My tools are my Apple Watch, my iPhone 6, and the Myfitnesspal app (user name Tabbycat00 feel free to add me). I’m starting this Friday July 8th with my goal finishing date being July 22nd. I can’t do bikini before and after pictures, not because I’m ashamed of how I look in a bikini, but because my school district will not allow me to post them on social media. Trust me on this one. But I can post photos in tank tops and shorts. My goal is to prove that everyday women can have “Hollywood” results. You don’t need a personal trainer or cook…remember I could be wrong. I’ll blog my food intake and exercise for each day and sometimes I’ll post videos of my workouts so that you can follow along at home. Here is my lovely “before” photo in my messy bedroom. 

Vine in the Classroom? 

Education, Technology

I try to incorporate as many forms of technology into my classroom as possible. I have a Vine, not that I use it often, but I’ve never used it for educational purposes although I know some of my students have seen my vines. Vine isn’t as popular as with students as it used to be. In case you’d like to give Vine a try here and some ideas about how to use the service to promote activities in your classroom Vine in the Classroom

Interesting Article 

Education, Technology

I found this article really interesting, I’m even considering asking my own students to pen their own views on technology in the classroom. My only issue was the comment about students knowing more than the teacher when it comes to technology. Am I the only teacher who has never experienced having to help a room full of high school students accomplish the most basic tasks? Despite this, I still found the article a compelling read and encourage other teachers to read it as well, I’d love to hear your feedback. A Teenager’s View on Education Technology By Soraya Shockley, Youth Radio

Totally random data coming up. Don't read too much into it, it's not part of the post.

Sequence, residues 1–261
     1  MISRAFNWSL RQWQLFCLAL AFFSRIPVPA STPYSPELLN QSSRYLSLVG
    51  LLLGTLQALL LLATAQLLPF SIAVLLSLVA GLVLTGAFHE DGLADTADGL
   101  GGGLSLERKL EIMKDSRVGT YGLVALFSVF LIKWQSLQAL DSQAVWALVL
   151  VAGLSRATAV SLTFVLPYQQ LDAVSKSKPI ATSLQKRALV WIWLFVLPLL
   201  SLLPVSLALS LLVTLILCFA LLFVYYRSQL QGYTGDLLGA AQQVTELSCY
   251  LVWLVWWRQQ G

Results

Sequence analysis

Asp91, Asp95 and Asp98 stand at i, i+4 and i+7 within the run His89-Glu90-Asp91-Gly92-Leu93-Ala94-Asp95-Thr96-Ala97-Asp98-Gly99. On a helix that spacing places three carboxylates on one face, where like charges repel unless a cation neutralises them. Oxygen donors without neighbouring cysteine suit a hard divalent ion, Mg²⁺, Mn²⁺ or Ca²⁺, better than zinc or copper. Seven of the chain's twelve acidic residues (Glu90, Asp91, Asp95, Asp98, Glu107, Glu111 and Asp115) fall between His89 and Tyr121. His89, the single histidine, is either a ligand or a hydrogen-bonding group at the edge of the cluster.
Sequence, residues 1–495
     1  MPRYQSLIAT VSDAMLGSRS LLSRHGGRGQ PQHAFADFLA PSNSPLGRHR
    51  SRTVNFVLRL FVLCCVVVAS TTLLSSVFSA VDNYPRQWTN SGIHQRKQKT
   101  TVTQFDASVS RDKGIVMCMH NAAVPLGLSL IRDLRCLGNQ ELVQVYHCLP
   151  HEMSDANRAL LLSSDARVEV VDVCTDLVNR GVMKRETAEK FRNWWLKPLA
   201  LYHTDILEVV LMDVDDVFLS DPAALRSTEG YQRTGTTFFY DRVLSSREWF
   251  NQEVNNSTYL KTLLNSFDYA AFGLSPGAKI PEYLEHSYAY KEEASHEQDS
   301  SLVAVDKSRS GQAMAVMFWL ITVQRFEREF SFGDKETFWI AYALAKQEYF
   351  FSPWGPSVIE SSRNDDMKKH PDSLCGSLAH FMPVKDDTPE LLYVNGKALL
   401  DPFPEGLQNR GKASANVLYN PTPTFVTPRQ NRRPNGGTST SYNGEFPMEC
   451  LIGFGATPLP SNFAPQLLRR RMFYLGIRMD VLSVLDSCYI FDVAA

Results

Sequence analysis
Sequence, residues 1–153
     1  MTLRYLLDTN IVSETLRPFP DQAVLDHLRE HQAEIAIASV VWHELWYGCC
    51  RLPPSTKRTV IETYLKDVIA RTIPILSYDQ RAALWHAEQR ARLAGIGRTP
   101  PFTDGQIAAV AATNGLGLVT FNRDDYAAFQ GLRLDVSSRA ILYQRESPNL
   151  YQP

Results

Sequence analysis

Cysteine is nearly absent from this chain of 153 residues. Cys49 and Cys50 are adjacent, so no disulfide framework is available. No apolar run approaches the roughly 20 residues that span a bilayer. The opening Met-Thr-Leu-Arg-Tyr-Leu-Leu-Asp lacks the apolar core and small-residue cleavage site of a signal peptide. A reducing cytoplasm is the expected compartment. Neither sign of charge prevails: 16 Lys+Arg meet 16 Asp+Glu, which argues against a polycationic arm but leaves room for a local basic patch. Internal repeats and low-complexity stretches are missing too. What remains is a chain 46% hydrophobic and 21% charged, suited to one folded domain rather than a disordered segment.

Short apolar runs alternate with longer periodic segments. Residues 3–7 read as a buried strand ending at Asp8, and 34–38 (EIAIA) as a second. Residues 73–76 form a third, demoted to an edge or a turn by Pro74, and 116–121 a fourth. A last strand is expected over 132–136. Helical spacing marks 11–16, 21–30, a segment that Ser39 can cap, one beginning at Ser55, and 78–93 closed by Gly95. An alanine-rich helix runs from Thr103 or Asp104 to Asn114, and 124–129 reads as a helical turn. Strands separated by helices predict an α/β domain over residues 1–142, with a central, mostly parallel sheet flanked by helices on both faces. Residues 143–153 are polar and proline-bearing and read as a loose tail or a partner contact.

Why BYOD Works For Me (and why you should consider using it, too)

Education, Technology

BYOD (Bring Your Own Device) is the wave of the future. According to an article published on techproresearch.com 74% of companies are implementing a BYOD policy in the workplace or planning to in the near future. That number is likely to grow as security improves across platforms and the merging of home and office become one. So, what does this mean for us as educations? First of all, teachers need to stop confiscating cell phones. We need to teach our students how to use the technology they have, because colleges and employers aren’t providing devices anymore and if they aren’t providing it, they certainly aren’t giving employees training on how to use it. Therefore, the responsibility falls to us. College and career ready includes digital citizenship, appropriate use of technology, and how to use smart phones productively.